The fourth group of the JKLF recruits, launched by Waza and Bhat on June 6th, 1988, for crossing the LoC, comprised student Ashfaq Majeed Wani, Islamic Students League activist Mohammad Yasin Malik, plumber Javed Ahmed Mir, bank official Riyaz Ahmed and another student Manzoor-ul-Islam, who later settled in Bangkok. Waza said that JKLF’s maiden armed strike came on July 31, 1988, when its militants conducted a grenade attack on Central Telegraph Office (CTO) in Srinagar.

“On the same day, I managed to establish contact with Mushtaq Ahmed Zargar through a Peoples League leader Mehmood Ahmed Sagar. In our sixth group of recruits, we went Mushtaq Zargar, Irfanul Hassan, Riyaz Ahmed Lone, Abdur Rasheed Lone and Commander Ibrahim to Pakistan”, Waza said.

Waza revealed that all the JKLF trainees were lodged at Sheikh Rashid’s “Safe House”, trained at a Kachgari, given guns and grenades, accommodated back on “Safe House” and sent back to the Valley after taking brief courses of arms training. He said that when he went to Pakistan second time in 1988, he was lodged at the same house alongwith other members of the group who included Jamal-ud-din Afghani and Aziz-ur-Rehman. Afghani and Rehman became the chief commanders of Al-Jehad and Jehad Force in 1992 and were both killed by security forces. “Same armed men in civvies, who lodged us at Safe House, gave us arms training. It was a seven-hour Toyota drive from Safe House to the training camp. On return, after 10-15 days of training, they used to lodge us at Safe House, clicked our photographs and sent us back to the Valley”, Waza explained.

In October 1989, Waza was arrested when he was crossing a bridge in Sopore town. A few days later, then Chief Minister Dr Farooq Abdullah revealed at a public meeting in Kupwara that Pakistan had sent a militant, namely Abdul Ahad Waza, for his assassination. Waza was released on bail in 1992. Thereafter, he joined Abdul Gani Lone’s Peoples Conference (PC). He was arrested and released a number of times in the last 13 years of his political struggle. Syed Ali Shah Geelani, Prof Abdul Gani Bhat, Maulvi Abbas Ansari, Yasin Malik, Javed Mir and Ashraf Sehrai were in different Indian jails with Waza in 1998.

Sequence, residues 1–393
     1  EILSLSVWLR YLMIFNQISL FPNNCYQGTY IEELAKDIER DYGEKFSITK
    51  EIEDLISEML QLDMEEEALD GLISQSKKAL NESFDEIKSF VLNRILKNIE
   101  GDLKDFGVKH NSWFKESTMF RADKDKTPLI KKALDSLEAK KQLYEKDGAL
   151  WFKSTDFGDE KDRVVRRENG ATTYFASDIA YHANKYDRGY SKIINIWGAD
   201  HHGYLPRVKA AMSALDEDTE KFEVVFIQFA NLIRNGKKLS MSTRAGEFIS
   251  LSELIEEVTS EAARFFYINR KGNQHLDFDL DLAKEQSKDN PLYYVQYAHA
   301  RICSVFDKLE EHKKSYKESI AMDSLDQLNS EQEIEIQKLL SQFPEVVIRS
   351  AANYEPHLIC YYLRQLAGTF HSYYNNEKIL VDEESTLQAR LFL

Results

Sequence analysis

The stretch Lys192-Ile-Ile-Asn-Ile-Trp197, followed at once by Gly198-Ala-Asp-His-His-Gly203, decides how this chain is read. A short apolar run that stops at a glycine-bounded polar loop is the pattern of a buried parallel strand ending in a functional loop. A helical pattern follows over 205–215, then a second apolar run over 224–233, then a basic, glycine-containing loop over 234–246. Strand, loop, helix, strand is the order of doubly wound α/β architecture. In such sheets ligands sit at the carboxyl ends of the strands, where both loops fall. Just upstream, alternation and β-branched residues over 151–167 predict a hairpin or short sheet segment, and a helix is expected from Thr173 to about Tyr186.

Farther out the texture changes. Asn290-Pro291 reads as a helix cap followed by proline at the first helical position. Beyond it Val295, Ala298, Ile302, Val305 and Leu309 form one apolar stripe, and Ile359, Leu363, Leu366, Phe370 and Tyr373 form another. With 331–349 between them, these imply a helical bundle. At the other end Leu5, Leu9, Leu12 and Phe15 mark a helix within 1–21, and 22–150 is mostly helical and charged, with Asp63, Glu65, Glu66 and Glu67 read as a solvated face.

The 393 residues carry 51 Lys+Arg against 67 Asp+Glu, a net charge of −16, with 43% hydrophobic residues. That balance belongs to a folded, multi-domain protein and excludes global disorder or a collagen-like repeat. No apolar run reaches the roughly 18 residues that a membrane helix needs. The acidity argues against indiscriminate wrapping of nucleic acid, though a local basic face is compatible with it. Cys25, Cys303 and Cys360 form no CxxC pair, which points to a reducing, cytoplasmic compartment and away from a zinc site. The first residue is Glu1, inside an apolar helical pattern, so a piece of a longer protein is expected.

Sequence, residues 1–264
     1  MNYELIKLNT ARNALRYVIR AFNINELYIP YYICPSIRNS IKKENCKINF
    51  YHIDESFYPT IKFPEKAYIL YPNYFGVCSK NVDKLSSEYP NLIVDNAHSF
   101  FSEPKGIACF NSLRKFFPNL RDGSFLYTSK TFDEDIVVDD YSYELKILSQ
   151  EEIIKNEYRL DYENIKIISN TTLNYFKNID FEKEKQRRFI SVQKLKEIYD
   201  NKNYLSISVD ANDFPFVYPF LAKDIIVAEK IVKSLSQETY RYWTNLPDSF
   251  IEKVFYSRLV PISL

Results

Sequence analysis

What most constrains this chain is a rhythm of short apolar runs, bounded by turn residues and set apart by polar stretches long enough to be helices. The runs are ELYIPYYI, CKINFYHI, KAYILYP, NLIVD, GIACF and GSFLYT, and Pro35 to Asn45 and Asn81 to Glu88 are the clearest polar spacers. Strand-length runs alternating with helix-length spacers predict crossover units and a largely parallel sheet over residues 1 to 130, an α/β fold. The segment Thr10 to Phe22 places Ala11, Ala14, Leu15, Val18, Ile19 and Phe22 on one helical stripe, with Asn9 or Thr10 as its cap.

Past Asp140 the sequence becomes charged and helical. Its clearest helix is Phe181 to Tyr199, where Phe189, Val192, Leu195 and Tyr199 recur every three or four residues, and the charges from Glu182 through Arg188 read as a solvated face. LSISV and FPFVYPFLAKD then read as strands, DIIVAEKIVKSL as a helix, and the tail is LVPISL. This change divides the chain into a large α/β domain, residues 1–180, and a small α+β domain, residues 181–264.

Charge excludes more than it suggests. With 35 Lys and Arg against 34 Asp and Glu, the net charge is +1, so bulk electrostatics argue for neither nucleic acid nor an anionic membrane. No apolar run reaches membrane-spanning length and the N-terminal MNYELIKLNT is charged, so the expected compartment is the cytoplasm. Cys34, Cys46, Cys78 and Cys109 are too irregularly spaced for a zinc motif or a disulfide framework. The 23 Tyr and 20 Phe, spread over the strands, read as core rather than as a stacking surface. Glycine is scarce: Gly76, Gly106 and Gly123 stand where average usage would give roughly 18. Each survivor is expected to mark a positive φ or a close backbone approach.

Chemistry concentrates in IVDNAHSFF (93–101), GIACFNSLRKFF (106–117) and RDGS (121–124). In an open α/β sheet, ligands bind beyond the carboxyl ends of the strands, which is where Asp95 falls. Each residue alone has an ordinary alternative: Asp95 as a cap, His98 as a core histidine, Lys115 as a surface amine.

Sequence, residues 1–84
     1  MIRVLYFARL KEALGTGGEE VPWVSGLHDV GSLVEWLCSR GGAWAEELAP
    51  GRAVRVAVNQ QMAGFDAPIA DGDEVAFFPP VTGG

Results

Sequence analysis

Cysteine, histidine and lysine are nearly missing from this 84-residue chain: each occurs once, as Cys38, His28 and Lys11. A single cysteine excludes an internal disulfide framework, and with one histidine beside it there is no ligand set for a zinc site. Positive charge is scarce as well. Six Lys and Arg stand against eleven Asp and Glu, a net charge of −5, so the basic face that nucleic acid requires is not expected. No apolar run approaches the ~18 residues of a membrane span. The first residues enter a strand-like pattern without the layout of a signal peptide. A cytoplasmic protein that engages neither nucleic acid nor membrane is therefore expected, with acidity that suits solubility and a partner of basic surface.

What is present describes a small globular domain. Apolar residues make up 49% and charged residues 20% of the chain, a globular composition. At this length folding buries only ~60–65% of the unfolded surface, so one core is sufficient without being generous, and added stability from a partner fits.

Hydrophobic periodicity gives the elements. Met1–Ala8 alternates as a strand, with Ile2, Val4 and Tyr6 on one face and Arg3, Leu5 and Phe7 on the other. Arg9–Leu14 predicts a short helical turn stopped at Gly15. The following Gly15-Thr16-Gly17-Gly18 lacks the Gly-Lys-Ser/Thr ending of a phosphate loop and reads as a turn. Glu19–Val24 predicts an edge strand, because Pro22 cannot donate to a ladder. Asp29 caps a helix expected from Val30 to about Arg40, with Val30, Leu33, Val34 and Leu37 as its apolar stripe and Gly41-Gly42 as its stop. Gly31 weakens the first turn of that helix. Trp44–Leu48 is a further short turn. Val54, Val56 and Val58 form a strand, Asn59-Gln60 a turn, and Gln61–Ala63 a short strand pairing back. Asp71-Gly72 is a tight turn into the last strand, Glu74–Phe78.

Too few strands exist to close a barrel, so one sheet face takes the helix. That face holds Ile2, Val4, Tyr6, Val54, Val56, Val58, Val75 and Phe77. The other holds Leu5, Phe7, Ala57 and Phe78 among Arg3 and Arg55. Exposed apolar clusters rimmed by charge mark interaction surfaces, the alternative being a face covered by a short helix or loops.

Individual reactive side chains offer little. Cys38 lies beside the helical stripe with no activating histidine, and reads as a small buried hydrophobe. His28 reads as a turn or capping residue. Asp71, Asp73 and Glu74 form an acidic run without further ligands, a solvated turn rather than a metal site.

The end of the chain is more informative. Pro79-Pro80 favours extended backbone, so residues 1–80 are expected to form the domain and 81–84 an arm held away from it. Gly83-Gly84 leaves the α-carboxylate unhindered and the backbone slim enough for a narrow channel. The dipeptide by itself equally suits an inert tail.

After Abdul Gani Lone’s assassination in May 2002, Waza joined the PC’s breakaway faction led by Dr Ghulam Mohammad Hubbi. For the last two years, Hubbi’s faction of the PC has been a constituent of Geelani’s faction of Hurriyat Conference. In the wake of recent differences with Hubbi, Waza has shifted to Ghulam Ahmed Gulzar’s faction of the PC and he is now functioning as its acting chairman.

Asked for his reaction to Farooq Abdullah’s 1989 allegation, Waza claimed it was he who protected a number of the National Conference leaders and their relatives. He claimed that he rescued Sharief-ud-din Shariq from the clutches of “Allah Tigers”. He claimed that he also rescued and owned the former NC Minister Mohammad Shafi Uri’s son, Dr Sajjad, as a JKLF activist when Jamiat-ul-Mujahideen had once kidnapped him. “Later, I called Dr Farooq Abdullah from SMHS Hospital, when I was under treatment during detention, and convinced him that his apprehensions were not correct. He agreed”, added Waza.